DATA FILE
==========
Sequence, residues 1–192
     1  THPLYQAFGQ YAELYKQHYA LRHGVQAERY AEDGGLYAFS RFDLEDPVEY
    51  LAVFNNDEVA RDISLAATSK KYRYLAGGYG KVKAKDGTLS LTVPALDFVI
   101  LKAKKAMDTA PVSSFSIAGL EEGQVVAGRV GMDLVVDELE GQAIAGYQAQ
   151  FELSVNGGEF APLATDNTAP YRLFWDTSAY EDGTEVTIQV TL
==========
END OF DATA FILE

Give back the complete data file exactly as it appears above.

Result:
Sequence, residues 1–192
     1  THPLYQAFGQ YAELYKQHYA LRHGVQAERY AEDGGLYAFS RFDLEDPVEY
    51  LAVFNNDEVA RDISLAATSK KYRYLAGGYG KVKAKDGTLS LTVPALDFVI
   101  LKAKKAMDTA PVSSFSIAGL EEGQVVAGRV GMDLVVDELE GQAIAGYQAQ
   151  FELSVNGGEF APLATDNTAP YRLFWDTSAY EDGTEVTIQV TL